When it comes to website speed and user experience, there are several key metrics that you should keep in mind. One of these metrics is Total Blocking Time (TBT), which measures how long a user has to wait before they can interact with your website. In this blog post, we’ll explore what TBT is and how it affects your website’s page speed.
What is Total Blocking Time (TBT)?
TBT measures the amount of time between First Contentful Paint (FCP) and Time to Interactive (TTI) during which the user cannot interact with your website. In other words, it measures how long it takes for the website to become fully interactive after the first contentful paint has been rendered. This metric is important because it affects the user experience, with longer TBT resulting in a more frustrating and unsatisfactory experience for users.
Why is TBT Important?
TBT is important because it directly impacts the user experience on your website. When users are forced to wait for an extended period before they can interact with your website, they are more likely to become frustrated and leave your website. This can lead to a higher bounce rate, reduced engagement, and even lost revenue. Additionally, TBT is one of the Core Web Vitals, a set of metrics used by Google to evaluate website speed and user experience. Websites with a high TBT score may be penalized in search engine rankings.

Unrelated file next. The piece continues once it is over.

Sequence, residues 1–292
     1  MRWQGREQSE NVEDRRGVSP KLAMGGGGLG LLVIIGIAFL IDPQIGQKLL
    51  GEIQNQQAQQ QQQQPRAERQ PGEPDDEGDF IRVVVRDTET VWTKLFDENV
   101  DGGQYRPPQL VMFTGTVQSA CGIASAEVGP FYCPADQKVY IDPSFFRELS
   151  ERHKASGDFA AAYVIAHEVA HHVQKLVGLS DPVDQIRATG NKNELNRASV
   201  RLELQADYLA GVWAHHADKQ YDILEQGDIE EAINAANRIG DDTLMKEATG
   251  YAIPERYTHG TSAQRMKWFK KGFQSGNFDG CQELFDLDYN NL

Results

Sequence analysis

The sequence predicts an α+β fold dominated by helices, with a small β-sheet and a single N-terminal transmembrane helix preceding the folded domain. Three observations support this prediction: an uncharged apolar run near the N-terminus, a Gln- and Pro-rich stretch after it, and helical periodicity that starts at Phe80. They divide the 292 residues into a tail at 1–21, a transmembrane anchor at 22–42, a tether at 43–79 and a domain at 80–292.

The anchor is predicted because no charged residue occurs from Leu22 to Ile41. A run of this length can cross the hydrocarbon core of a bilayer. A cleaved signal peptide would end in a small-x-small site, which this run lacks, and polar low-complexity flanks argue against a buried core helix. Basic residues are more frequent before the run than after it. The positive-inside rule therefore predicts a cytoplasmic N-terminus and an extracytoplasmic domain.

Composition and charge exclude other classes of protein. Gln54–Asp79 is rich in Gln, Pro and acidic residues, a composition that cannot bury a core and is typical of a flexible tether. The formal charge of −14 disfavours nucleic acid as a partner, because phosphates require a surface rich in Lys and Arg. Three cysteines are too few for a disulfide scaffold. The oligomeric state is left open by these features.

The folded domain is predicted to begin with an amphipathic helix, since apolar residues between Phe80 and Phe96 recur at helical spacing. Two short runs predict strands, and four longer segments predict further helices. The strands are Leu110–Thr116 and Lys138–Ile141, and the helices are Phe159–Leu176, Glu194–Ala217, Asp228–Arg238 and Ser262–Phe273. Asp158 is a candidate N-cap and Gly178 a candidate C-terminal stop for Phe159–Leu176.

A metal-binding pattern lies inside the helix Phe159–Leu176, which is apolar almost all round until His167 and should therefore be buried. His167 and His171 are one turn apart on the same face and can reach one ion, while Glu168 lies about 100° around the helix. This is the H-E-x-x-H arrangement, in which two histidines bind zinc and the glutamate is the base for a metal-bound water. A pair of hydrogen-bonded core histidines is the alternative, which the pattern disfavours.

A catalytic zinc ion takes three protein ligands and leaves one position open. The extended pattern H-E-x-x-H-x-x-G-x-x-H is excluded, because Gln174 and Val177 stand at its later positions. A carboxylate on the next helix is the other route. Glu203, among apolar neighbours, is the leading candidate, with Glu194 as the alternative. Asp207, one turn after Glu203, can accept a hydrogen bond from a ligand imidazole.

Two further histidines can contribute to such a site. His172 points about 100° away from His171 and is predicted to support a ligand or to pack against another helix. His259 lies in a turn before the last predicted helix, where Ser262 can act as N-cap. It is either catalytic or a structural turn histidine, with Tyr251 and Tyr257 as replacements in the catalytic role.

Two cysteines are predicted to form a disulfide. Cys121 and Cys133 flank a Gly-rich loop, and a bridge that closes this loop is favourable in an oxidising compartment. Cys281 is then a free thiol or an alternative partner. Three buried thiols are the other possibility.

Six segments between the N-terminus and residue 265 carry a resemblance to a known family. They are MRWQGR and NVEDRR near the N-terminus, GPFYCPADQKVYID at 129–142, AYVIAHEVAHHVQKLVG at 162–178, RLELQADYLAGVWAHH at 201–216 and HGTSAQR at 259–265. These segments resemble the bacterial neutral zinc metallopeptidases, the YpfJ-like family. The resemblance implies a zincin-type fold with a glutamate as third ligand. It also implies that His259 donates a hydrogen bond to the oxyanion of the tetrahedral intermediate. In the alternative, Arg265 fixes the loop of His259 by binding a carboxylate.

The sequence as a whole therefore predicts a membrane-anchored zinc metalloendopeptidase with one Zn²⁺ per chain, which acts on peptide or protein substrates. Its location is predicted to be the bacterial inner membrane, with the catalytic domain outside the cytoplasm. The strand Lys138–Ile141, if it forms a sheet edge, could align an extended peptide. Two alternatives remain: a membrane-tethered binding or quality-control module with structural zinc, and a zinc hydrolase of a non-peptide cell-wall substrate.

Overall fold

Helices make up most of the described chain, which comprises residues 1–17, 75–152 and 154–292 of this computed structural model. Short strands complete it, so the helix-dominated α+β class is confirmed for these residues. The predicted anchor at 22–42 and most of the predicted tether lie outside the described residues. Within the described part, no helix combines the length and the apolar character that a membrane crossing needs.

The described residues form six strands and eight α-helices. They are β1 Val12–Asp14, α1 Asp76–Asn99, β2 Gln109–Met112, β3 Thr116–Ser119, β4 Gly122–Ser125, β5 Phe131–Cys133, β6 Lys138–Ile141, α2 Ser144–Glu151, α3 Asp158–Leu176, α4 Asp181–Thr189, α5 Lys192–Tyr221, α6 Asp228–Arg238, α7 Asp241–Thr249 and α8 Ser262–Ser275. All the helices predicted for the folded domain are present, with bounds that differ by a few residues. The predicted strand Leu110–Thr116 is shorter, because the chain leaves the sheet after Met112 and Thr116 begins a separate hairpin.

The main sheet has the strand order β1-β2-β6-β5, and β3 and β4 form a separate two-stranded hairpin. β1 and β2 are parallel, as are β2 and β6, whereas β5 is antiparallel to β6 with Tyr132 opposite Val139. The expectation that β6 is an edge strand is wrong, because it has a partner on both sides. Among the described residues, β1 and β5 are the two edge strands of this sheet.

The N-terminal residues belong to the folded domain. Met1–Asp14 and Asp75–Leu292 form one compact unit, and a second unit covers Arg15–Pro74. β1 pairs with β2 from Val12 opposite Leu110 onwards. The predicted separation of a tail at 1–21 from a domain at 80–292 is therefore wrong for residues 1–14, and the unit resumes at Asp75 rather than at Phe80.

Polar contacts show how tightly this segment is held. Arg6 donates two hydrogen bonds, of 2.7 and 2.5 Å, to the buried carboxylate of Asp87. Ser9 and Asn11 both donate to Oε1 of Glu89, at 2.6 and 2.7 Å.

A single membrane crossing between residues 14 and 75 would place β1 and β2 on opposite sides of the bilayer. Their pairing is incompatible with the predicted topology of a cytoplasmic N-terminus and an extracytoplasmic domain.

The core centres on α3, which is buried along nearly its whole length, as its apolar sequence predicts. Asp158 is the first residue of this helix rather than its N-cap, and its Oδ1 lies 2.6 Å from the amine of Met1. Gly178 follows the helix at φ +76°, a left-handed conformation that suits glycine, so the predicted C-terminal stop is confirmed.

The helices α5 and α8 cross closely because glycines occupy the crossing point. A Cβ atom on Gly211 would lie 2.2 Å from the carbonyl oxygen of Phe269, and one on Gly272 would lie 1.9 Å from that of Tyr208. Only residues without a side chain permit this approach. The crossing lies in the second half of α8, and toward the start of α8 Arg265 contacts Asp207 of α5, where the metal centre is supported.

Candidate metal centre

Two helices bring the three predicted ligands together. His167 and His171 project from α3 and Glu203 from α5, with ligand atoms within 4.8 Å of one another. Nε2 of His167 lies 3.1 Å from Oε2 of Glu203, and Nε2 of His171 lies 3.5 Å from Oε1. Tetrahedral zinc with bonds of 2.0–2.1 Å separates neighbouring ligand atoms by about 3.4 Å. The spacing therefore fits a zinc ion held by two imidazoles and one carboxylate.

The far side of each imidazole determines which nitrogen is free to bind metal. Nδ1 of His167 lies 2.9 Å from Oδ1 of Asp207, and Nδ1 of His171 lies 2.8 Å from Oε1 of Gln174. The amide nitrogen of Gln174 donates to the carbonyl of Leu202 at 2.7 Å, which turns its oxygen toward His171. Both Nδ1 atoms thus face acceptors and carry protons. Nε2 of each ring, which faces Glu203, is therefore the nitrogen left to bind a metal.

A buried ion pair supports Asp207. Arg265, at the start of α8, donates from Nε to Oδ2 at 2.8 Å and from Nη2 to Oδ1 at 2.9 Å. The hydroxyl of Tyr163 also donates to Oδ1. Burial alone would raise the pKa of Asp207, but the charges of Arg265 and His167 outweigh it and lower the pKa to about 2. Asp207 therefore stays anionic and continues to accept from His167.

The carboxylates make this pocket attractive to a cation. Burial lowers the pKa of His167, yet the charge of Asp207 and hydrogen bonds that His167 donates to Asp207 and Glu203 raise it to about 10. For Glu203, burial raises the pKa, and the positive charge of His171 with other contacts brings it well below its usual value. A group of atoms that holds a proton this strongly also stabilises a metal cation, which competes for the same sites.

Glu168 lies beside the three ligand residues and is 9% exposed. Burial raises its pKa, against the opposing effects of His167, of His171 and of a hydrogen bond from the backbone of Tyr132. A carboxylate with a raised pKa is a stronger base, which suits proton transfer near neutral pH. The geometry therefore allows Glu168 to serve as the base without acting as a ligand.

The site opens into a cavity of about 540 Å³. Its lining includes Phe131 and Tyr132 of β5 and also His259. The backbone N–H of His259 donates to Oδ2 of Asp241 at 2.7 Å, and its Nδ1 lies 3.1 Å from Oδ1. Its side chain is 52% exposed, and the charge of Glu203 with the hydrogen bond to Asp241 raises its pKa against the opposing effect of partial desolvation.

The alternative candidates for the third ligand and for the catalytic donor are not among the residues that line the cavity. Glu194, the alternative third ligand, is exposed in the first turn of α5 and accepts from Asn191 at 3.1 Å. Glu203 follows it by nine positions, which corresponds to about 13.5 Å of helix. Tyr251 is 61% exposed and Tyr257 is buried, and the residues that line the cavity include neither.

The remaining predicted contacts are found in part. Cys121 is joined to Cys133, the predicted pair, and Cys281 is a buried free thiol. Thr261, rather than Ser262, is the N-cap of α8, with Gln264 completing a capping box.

How to Measure TBT?
TBT can be measured using various tools, including Google’s Lighthouse, PageSpeed Insights, and WebPageTest. These tools can provide valuable insights into your website’s performance and provide recommendations on how to optimize your website’s TBT.
How to Optimize TBT?
- Optimize Critical Rendering Path
- Reduce Third-Party Scripts
Third-party scripts, such as ads or social media widgets, can significantly impact TBT. To optimize TBT, you can remove or defer non-essential third-party scripts or use asynchronous loading to minimize their impact.